Deadly bat disease kills entire colonies

Living on Earth

Story by Living on Earth. Listen to audio above for full interview.

Scientists have finally determined what is killing off thousands of bats across the Northeast and parts of sourthern Canada.

The disease is White Nose Syndrome, which first appeared in the U.S. around 2006, but the true culprit causing the mass die-offs is a European cold-loving fungus called Geomyces destructans.

Carol Meteyer is a pathologist with the U.S. Geological Survey at the National Wildlife Health Center, and a member of the team that discovered the source of the disease. Meteyer said that even though the disease’s name refers to the infected muzzle of a bat, the fungus has a more severe effect on a bat’s wings.

“[The fungus] colonizes the skin’s surface, it begins to erode through that epidermis and it actually gets down into the connective tissue,” Meteyer said. “And the wing membrane of bats is incredibly delicate. There’s one cell layer on top, there’s one cell layer on the bottom, and then there’s just a fine connective tissue, lace network that has nerves and blood vessels, but you could almost see through it.”

A bat’s wings are critical during hibernation. Wings regulate body temperature, maintain hydration, and even help with respiration. But winter hibernation is also when Geomyces destructans strikes. Meteyer said when animals hibernate, they also downgrade their immune systems to conserve energy for the long winter — making the bats more vulnerable to invasive pathogens.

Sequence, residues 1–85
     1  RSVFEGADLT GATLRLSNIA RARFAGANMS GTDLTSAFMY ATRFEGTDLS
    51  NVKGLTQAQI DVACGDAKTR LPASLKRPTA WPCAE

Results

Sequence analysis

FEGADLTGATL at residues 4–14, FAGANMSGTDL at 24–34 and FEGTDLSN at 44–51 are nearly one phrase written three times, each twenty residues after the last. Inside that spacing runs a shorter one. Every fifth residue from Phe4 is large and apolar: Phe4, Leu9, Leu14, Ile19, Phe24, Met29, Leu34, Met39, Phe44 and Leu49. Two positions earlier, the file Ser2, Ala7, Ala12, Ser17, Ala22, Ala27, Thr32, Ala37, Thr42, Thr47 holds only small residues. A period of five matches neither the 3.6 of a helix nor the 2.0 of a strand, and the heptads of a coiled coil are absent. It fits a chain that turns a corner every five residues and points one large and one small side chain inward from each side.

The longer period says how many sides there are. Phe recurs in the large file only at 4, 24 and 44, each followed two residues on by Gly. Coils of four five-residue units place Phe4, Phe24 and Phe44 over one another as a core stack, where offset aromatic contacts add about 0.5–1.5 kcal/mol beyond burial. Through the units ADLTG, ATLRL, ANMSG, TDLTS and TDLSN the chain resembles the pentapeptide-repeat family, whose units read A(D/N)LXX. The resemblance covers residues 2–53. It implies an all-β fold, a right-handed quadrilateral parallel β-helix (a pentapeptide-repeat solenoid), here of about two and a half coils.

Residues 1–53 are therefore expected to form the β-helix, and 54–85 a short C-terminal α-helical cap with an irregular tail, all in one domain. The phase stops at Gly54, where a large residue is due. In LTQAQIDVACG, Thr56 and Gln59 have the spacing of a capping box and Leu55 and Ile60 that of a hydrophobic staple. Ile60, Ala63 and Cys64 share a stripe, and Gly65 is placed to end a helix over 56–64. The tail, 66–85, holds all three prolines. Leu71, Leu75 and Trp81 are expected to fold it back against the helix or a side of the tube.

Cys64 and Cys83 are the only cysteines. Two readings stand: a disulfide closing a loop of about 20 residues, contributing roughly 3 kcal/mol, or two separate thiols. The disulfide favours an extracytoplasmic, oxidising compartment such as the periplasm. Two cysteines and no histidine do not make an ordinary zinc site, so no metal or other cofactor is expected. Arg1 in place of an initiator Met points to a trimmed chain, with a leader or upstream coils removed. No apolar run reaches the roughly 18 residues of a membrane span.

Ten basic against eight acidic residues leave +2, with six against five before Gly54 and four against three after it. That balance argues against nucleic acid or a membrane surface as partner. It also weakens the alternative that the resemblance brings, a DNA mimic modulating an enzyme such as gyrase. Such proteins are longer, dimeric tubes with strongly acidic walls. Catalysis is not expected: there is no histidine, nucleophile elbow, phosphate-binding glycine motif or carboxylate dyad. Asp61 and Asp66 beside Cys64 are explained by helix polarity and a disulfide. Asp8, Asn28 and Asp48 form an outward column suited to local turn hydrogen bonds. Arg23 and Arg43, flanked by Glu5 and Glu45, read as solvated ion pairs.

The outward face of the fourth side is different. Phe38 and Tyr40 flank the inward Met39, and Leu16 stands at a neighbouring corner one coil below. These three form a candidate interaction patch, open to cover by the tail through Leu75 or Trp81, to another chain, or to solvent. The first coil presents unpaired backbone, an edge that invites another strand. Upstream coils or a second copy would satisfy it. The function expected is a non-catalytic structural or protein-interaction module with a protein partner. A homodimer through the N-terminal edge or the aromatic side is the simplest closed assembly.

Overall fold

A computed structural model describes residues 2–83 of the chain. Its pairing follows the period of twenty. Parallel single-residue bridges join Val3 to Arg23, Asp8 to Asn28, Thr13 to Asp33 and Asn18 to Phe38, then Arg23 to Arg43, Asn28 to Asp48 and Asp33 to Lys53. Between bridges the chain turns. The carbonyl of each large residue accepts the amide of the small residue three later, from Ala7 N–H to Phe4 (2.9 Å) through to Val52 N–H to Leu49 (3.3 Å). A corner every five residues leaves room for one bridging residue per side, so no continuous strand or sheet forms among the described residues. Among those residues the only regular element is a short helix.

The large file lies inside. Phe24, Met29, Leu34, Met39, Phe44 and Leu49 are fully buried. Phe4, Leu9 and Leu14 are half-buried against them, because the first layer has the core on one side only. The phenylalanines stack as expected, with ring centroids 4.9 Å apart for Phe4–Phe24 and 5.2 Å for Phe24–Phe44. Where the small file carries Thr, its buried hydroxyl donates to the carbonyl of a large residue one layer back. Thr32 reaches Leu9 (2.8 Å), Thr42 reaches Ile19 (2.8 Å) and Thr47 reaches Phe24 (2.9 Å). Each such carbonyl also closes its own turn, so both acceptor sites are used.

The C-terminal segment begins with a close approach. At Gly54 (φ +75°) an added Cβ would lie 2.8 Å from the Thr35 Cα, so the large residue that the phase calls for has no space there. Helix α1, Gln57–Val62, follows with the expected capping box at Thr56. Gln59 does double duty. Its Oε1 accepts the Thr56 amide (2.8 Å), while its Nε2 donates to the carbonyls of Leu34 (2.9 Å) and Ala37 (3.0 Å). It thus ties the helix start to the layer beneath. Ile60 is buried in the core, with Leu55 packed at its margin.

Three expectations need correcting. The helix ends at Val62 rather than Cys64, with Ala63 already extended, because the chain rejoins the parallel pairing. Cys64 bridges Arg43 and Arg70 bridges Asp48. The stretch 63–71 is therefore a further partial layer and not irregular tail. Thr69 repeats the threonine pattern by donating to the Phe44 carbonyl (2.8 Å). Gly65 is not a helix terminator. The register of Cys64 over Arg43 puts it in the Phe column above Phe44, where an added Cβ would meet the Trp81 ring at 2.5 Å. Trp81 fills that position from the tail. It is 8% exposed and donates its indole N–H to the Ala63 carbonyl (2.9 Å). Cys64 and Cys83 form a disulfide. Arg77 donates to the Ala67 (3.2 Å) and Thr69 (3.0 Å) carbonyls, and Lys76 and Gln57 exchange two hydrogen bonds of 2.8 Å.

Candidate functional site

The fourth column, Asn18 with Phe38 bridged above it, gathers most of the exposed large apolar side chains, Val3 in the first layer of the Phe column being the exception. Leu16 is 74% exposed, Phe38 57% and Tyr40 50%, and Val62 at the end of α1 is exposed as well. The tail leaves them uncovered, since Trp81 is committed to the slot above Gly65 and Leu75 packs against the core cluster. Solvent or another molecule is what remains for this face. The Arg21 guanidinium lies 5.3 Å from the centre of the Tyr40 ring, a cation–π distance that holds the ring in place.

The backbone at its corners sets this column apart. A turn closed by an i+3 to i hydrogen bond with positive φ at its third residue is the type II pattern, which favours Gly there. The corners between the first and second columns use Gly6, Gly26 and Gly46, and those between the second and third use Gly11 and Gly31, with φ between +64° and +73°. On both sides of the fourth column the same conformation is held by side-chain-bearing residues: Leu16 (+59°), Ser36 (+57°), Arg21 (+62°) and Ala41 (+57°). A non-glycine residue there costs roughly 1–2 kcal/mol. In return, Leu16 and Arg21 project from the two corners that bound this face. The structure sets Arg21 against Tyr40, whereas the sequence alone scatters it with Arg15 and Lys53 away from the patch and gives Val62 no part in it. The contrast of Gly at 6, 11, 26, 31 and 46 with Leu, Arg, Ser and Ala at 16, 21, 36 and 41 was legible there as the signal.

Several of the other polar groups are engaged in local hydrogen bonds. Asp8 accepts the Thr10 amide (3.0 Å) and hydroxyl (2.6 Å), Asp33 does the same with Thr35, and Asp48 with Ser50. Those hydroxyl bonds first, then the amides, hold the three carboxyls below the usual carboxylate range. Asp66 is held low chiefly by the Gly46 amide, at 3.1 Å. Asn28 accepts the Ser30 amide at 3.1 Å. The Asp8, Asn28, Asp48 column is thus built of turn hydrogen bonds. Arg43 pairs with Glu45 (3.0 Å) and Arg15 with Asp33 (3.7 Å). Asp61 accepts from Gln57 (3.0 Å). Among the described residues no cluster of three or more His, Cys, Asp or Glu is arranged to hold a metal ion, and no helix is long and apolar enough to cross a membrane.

“Usually these pathogens have evolved with the bats and probably also hibernate. But Geomyces destructans, White Nose Syndrome, grows at the ideal temperature of the bat’s skin when it’s hibernating and it erodes through their skin without even being recognized until they come out of hibernation in the spring,” Meteyer said. The bats that survive until spring are completely rejuvenated when they wake up and begin feeding. But in some colonies, White Nose Syndrome wipes out 90 percent of the population — nationwide that is hundreds of thousands of bats.

For years the disease confounded American scienctists, until recently when biologists in Europe pointed out that European bats showed the same symptoms, but weren’t dying from it. Meteyer believes that success of the European bats is not because they have stronger immune systems, but because European winters are shorter and milder than American winters.

“[The European bats] may not be in those caves with immune suppression long enough to have this fungus really have the devastating effect that it has on our northeastern bats,” Meteyer said.

Treatment is still an ongoing process. Spraying fungicides could end up killing more bats — and the other cave flora and fauna — rather than eradicating the deadly fungus.

“It’s something that is being worked on and being investigated, but it’s not going to be a quick fix,” Meteyer said.


Hosted by Steve Curwood, “Living on Earth” is an award-winning environmental news program that delves into the leading issues affecting the world we inhabit. More about “Living on Earth.”

The World Listener Survey 2024

We’d love to hear your thoughts on The World. Please take our 5-min. survey.